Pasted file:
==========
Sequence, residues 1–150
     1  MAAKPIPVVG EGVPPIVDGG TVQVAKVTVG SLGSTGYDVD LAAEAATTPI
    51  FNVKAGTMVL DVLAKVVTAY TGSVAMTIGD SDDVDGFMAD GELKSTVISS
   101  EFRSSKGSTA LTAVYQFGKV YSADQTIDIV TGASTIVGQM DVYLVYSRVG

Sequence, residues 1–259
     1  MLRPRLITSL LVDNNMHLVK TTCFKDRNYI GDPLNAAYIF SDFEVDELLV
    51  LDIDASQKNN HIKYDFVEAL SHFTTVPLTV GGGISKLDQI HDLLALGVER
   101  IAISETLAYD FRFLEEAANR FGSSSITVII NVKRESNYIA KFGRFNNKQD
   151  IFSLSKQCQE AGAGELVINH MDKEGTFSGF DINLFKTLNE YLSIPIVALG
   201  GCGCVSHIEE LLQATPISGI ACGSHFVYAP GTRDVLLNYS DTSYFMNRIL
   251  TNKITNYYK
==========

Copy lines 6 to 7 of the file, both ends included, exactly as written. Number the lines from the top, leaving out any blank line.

     1  MLRPRLITSL LVDNNMHLVK TTCFKDRNYI GDPLNAAYIF SDFEVDELLV
    51  LDIDASQKNN HIKYDFVEAL SHFTTVPLTV GGGISKLDQI HDLLALGVER